“The availability of breakfast to all children could be an effective component of school reform to level the academic playing field and address the achievement gap,” which is “substantial and persistent” between white children and their black and Latino peers who disproportionately come from impoverished neighborhoods, Lindsey Turner, director of Boise State University’s Initiative for Healthy Schools, and Frank Chaloupka, director of the Institute for Health Research and Policy at the University of Illinois at Chicago, write in an editorial published online Nov. 24 in JAMA.
They explain providing breakfast at school to low income students whose families may not be able to afford breakfast “can promote behavioral, cognitive and physical benefits, resulting in improved health and academic outcomes for children.”
Indeed, a study published the same day in JAMA found providing breakfast for free to all children in the classroom improved participation in the school breakfast program and school attendance, which in theory could improve academic performance, although this element was not supported in the results.
Researchers led by Stephanie Anzman-Frasca, a research associate with the Tufts University Child Obesity 180 organization, found that of the 446 public elementary schools in large, urban U.S. districts, those that offered breakfast in the classroom had higher participation rates in the school breakfast program – 73.7% – compared to schools that offered breakfast in other formats, such as in a cafeteria before school, which had an average participation rate of 42.9%.
They explain in the study that providing breakfast in the classroom reduced the stigma some children might feel about qualifying for a free meal and eliminated logistical barriers, such as early transportation to eat in the school cafeteria before class.
The breakfast in the classroom program also was associated with greater overall attendance rates: 95.5% in schools with the program verses 95.3% in those that did not.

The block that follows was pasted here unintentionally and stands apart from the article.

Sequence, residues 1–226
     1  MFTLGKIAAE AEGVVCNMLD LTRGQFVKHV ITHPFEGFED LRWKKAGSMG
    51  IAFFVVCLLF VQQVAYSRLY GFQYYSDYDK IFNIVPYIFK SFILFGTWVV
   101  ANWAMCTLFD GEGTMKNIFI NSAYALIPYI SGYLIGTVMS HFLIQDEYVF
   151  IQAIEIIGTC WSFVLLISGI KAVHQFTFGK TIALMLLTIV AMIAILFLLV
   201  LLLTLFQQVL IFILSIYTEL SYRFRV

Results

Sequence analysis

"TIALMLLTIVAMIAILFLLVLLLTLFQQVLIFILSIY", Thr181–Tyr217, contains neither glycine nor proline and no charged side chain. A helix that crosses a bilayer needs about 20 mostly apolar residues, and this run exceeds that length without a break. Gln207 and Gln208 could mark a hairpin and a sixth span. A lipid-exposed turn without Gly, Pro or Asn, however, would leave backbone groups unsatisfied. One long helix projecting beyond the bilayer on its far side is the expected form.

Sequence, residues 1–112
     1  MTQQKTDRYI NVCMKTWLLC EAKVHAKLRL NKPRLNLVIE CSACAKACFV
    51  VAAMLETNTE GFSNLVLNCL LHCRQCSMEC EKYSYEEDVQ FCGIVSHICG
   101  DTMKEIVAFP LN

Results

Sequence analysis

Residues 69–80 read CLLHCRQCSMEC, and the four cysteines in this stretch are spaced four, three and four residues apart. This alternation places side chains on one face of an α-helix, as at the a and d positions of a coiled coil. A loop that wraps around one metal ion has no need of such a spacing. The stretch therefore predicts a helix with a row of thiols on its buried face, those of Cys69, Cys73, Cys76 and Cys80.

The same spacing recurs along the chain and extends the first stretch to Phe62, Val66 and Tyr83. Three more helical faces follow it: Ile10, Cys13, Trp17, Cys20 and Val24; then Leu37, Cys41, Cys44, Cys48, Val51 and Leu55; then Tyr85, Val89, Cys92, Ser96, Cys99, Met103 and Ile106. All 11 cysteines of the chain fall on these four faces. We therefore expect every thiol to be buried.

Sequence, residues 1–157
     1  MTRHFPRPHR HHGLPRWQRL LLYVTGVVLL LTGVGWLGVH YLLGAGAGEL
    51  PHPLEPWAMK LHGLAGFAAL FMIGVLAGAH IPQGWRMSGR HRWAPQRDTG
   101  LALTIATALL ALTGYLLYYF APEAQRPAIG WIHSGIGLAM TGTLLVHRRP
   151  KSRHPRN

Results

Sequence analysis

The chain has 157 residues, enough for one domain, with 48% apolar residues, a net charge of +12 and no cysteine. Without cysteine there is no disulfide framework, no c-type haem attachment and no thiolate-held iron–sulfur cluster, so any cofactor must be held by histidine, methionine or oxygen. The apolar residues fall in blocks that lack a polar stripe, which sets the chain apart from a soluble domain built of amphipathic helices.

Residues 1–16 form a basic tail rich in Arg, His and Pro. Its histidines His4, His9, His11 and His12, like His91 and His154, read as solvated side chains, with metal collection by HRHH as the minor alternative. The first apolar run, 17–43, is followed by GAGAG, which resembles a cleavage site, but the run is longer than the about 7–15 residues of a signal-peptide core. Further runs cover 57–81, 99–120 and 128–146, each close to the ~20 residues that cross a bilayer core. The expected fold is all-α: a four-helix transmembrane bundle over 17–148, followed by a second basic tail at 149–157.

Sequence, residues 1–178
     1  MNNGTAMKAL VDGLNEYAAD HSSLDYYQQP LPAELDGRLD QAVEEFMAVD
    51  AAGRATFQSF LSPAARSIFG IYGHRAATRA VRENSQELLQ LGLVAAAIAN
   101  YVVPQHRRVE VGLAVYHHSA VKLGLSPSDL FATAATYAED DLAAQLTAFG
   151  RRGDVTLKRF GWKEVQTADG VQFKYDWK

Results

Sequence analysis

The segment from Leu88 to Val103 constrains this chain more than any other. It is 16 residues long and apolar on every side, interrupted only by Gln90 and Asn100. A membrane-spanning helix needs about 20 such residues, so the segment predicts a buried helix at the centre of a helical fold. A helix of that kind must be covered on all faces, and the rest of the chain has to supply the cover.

Related to attendance, “breakfast programs have also reduced tardiness, another key factor that improves academic outcomes by increasing students’ readiness to learn,” and “could increase connectedness among students, as well as, their teachers,” which is associated with better outcomes, write Turner and Chaloupka. However, the current study did not look at these factors.
Failure to show academic improvement not a strike against breakfast
Given these findings, Anzman-Frasca and colleagues’ failure to replicate previous findings that breakfast improved academic performance “should not be interpreted as a lack of benefit for the breakfast program,” Turner and Chaloupka say.
Anzman-Frasca and her colleagues agree, noting several flaws in their study design could explain why there were no significant differences in the percentage of children who met math and reading benchmarks in standardized tests.
Specifically, they found 57.9% of children at schools with breakfast in the classroom met math benchmarks compared to 57.4% in the schools without the program. Likewise, 44.9% of students at schools with the program met reading benchmarks compared to 44.7% at schools without the program.
The researchers say these results “should be interpreted with caution” because the academic achievement results were not as robust as data for participation and attendance in that it relied on one set of standardized test scores.
In addition, they note, the standardized testing occurred just as participation in the breakfast program peaked so that the long term effects of regular breakfast could not be fully measured yet.
“It is possible that increased attendance may translate into increased academic performance during a longer period or using different measures of achievement,” including test results at the individual student level compared to participation in the breakfast program, they said.
Another confounding factor is “standardized test scores may not reflect the [breakfast in the classroom] impact if there are district-wide efforts to promote school meal consumption on testing days, which is common practice nationwide,” the researchers note.
With this in mind, they encourage additional studies to measure the impact of breakfast programs or academic performance.
In the meantime, schools should continue to promote a “culture that nourishes children physically,” to promote “equitable health and academic outcomes among all children,” say Turner and Chaloupka.